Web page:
On anniversary of George Floyd’s death, Biden takes limited steps toward police reforms
WASHINGTON – With the relatives of George Floyd in attendance, President Biden will sign an executive order Wednesday that will impose reforms on the federal police and press state and local law enforcement agencies to make changes, too.
The action by the president on the two-year anniversary of Floyd’s death at the hands of a Minneapolis police officer was prompted by Congress’ inability to pass its own reforms and is the result of months of White House negotiations with police unions, civil rights groups and victims of police violence.
According to senior White House officials, the executive order would create a new national registry of officers fired for misconduct and officers who have sustained complaints of misconduct or were subject to disciplinary actions for serious misconduct. All federal law enforcement officers, about 100,000, would be subject to this registry. But the White House cannot force, only encourage, state and local police to file reports of bad cops to this new registry.
“That is beyond the president’s power,” a White House official said.
To prod local and state police toward reform, the Biden administration would instead look to condition certain federal policing grants on participation in the program and the enactment of other new policing policies adopted by the Biden administration.
But the executive order would mandate the screening of state and local police officers who participate in joint operations with federal officers.
The order would also direct all federal law enforcement agencies to revise use-of-force policies and ban chokeholds unless deadly force is authorized. It would also restrict the use of “no-knock” entries by federal officers and issue annual public reports on the use of no-knock entries.
Federal officers would also be required to wear body cameras when interacting with the public and expedite the release of footage from these cameras.
Biden’s order, to be signed in a Rose Garden ceremony with representatives of police groups, Floyd family members and families of other victims of police violence looking on, would also reinstate the Obama administration ban on the sale of surplus military equipment to state and local law enforcement agencies. That practice has been blamed for the “militarization” of the nation’s police forces.
The White House said the new measures would boost public trust in law enforcement.
“Increased trust makes policing more effective and thereby strengthens public safety,” a White House official said. “Without that trust, victims do not call for help. Witnesses do not step forward. Crimes go unsolved. Justice is not served.”
Floyd’s death two years ago and the national protest it inspired a shift in public opinion on issues of race and policing. But rising crime and midterm election politics have prompted Republicans to portray Democrats as soft on crime.
So the White House is promoting the support of law enforcement for these reforms, which are much less ambitious than the George Floyd Justice in Policing Act — a bill that was stalled by a lack of GOP support in the U.S. Senate.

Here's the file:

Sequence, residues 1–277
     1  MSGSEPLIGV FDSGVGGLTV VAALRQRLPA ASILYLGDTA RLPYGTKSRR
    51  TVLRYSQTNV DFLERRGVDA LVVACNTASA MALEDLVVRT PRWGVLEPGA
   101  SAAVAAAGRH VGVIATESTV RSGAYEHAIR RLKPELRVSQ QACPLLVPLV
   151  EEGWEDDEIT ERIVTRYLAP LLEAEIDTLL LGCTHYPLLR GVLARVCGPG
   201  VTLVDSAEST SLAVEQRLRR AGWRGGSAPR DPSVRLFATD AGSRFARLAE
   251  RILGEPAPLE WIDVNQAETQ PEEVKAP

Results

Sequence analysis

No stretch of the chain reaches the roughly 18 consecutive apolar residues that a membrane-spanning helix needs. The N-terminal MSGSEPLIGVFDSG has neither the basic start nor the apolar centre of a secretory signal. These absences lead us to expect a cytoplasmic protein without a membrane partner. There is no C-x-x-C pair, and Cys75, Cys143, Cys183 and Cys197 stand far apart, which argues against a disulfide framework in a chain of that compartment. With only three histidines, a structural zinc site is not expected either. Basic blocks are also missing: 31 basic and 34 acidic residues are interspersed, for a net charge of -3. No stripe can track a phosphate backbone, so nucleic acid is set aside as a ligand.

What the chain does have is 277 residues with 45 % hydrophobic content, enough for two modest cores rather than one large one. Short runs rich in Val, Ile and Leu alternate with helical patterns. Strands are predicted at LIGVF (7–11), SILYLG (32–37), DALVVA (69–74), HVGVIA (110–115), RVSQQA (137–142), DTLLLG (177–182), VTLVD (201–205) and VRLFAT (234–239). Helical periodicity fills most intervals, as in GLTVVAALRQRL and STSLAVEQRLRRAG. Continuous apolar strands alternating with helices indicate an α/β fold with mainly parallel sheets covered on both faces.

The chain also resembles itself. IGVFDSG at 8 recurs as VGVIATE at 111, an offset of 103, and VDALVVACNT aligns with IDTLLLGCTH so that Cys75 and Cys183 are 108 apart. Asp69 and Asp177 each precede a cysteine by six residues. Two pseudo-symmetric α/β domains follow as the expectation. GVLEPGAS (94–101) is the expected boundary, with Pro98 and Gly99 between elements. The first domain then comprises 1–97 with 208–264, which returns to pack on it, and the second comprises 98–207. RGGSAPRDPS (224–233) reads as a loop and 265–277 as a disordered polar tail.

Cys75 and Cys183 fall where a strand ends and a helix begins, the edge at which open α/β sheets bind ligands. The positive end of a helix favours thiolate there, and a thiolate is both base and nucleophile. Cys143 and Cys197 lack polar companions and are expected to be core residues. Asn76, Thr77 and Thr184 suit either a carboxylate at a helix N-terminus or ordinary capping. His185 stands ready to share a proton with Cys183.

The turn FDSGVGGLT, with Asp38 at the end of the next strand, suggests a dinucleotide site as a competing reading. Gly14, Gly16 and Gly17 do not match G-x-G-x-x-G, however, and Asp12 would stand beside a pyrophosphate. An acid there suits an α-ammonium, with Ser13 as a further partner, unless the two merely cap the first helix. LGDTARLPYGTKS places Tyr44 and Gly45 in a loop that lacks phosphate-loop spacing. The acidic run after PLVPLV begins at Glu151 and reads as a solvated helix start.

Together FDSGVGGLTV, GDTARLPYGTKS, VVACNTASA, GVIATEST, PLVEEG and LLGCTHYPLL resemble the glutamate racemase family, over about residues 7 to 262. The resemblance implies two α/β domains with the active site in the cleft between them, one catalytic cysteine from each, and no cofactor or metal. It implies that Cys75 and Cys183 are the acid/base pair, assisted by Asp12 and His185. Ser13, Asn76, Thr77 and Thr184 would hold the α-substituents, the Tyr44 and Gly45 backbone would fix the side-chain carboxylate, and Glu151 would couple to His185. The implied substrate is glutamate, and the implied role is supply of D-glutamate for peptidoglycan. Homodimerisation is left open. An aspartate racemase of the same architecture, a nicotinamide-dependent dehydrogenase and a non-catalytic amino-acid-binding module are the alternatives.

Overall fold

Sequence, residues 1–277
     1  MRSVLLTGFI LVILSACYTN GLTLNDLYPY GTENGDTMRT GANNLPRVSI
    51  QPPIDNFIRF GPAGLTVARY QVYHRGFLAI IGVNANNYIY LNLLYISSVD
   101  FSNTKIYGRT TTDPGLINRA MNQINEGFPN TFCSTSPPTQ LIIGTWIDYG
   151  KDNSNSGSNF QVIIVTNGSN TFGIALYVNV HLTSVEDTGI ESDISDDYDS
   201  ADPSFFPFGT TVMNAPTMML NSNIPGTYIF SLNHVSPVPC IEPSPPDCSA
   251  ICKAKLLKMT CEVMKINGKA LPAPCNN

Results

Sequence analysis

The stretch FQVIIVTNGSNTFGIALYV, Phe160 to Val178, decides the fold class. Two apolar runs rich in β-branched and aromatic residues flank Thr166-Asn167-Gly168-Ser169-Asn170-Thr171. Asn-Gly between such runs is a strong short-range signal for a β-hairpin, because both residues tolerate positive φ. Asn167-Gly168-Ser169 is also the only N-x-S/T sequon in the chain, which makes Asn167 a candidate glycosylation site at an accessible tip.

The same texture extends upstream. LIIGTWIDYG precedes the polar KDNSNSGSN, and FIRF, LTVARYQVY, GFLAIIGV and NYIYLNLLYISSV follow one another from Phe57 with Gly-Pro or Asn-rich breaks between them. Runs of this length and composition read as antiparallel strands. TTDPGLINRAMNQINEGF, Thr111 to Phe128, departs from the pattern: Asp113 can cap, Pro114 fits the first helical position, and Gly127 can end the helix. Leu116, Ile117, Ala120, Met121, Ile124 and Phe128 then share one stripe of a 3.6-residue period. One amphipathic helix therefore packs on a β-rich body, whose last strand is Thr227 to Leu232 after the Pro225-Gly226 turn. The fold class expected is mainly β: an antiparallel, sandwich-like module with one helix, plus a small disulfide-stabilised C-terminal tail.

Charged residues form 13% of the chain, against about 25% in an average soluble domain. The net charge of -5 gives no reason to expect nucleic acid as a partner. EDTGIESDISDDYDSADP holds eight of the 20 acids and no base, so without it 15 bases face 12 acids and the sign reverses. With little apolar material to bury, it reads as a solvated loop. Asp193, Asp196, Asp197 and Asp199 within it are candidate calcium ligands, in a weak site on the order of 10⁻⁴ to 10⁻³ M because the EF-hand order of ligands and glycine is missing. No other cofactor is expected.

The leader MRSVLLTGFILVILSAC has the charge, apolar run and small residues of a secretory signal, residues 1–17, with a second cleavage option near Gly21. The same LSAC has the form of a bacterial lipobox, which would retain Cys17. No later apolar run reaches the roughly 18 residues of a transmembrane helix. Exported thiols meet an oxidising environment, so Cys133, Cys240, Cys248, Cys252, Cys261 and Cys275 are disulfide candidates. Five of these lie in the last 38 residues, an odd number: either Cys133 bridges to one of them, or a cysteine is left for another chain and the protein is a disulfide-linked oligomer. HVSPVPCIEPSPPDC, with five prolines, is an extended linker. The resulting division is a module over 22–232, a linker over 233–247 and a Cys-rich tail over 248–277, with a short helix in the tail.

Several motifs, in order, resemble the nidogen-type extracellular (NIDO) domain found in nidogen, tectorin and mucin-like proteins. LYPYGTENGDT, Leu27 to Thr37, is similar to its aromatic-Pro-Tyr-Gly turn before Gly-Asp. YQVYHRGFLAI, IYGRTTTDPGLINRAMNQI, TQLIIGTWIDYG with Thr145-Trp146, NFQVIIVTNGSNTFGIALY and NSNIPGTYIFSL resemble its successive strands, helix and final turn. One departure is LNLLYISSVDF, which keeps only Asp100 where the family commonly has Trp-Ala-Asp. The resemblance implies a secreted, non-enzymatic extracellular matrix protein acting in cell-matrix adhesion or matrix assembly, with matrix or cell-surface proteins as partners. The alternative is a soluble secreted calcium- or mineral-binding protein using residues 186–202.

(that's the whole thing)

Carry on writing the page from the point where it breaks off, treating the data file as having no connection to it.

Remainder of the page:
A main point of contention on the bill was its ban on “qualified immunity,” which legally shields police officers from civil and financial liability if they violate someone’s civil rights. Supporters of qualified immunity say it allows police to do their jobs without fearing they will be bankrupted by lawsuits if they make a mistake.
Still many Democrats in Congress continue to press for more substantial reforms, even as they laud the steps taken by Biden on Wednesday.
“As we grieve on the two-year anniversary of George Floyd’s death, we should find purpose in recommitting ourselves to a meaningful, sustained push towards racial justice and police reform,” said Sen. Tina Smith, D-Minn. “This executive order will help encourage state and local law enforcement to adopt needed reforms, like eliminating the use of dangerous chokeholds and no-knock warrants. But Congress must also act to address these deep-rooted issues.”
Rep. Angie Craig, D-2nd District, said, “I believe that the country needs both a more just law enforcement system and more of our valued police officers to secure our communities from harm. And like most Minnesotans, I believe that we can accomplish both of those goals if we set politics aside and work together.”
“I applaud President Biden’s decision today to enact these commonsense reforms that will improve policing and make our communities safer,” Craig said. “George Floyd should be alive today. He should be alive to swap trucking tips with his brother, take a walk around his neighborhood on a beautiful spring day, and hug his family. But every day that he isn’t here is a reminder of the work that lies ahead.”
Sen. Amy Klobuchar, D-Minn, said the anniversary of Floyd’s death should be marked as a new commitment to make “meaningful change in our justice system and build on the progress set in motion by President Biden’s actions … to improve it. Let us lift up George Floyd’s memory as the man who inspires us to confront systemic racism with systemic change.”